Outlook remains bleak for next year's state budgets
Bob Ingram, Alabama Scene
MONTGOMERY–After playing a political version of "Russian Roulette" for several days, the Alabama Legislature finally did what it was called to Montgomery to do–pass operating budgets for education and the General Fund for the 2003-04 fiscal year.
A fierce fight over the felon voting rights bill at one time threatened the entire session, but a compromise was reached, that bill was passed, and very swiftly both budgets were approved and sent to the governor.
Thanks to the availability of some one-time money, the budgets for schools and the General Fund agencies are almost equal to current year spending.
The Education appropriation of $4.2 billion is only $10 million less than the current year, the General Fund appropriation of $1.2 billion is $66 million less than the current year budget.
However some agencies funded by the General Fund will be forced to take horrendous cuts. For example, the state court system and the Department of Health may be forced to lay-off hundreds of employees.
But even now, with this immediate crisis avoided, attention has already turned to the herculean problem that will face state government next year when the shortfall will measure in the hundreds of millions of dollars.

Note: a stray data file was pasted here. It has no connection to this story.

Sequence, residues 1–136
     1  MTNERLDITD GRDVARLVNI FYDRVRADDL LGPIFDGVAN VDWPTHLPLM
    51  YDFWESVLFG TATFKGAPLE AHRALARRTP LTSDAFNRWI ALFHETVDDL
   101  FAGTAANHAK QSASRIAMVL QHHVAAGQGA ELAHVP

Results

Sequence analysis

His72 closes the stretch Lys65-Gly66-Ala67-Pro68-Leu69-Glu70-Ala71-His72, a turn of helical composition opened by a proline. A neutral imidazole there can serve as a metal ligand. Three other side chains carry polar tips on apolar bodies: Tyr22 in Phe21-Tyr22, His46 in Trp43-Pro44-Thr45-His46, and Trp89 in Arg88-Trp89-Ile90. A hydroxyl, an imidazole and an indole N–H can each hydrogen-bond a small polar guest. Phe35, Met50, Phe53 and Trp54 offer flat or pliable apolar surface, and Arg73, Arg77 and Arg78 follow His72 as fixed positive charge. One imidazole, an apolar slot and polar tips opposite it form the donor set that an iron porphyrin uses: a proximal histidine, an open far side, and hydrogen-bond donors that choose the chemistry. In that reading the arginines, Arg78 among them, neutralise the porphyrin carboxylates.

The committee was convened to consider the nominees but when the roll was called only six of the 13 members were present and this lack of a quorum meant no action could be taken.
The fact that the missing seven members were all in the Statehouse understandably provoked charges that the lack of a quorum was orchestrated by State Sen. Lowell Barron, D-Fyffe, who would lose his seat on the AU Board if the new nominees are confirmed.
Barron, with a look of pure innocence on his face, responded with a "who me?" response to the charges.
With so little time remaining in the special session, committee chairman Sen. E. B. McLain, D-Midfield, said in so many words that the nominees should come back next February when the legislature meets in regular session.
Auburn alumni leaders who have been working for new blood on the AU Board for years were particularly incensed that one of the senators missing in action was Hinton Mitchem, D-Albertville. The AU folks had given a substantial contribution to Mitchem's re-election campaign last year with the understanding he was hitched to their wagon. He didn't stay hitched.
The Alabama Legislature was considering a bill to sell $13.5 million in bonds to rebuild two schools destroyed by fire (in Etowah and Walker counties) and two others destroyed by tornados (in Walker and Henry counties.)
However, State Sen. Hank Sanders, D-Selma, the chairman of the committee, quietly amended the bill to add another $1.5 million in bonds to replace the heating systems in two schools in Lowndes County which happens to be in his district.
Sen. Sanders is already challenging Sen. Roger Bedford, D-Russellville, as the No. 1 "Pork Producer" in the Legislature.
The Court of the Judiciary will hear the charges that Moore violated judicial ethics when in defied a federal court order to remove the Ten Commandments monument from the rotunda of the State Judicial Building.
The Court of the Judiciary is made up of nine judges (there is presently one vacancy.) This tribunal has the authority to remove Moore from office.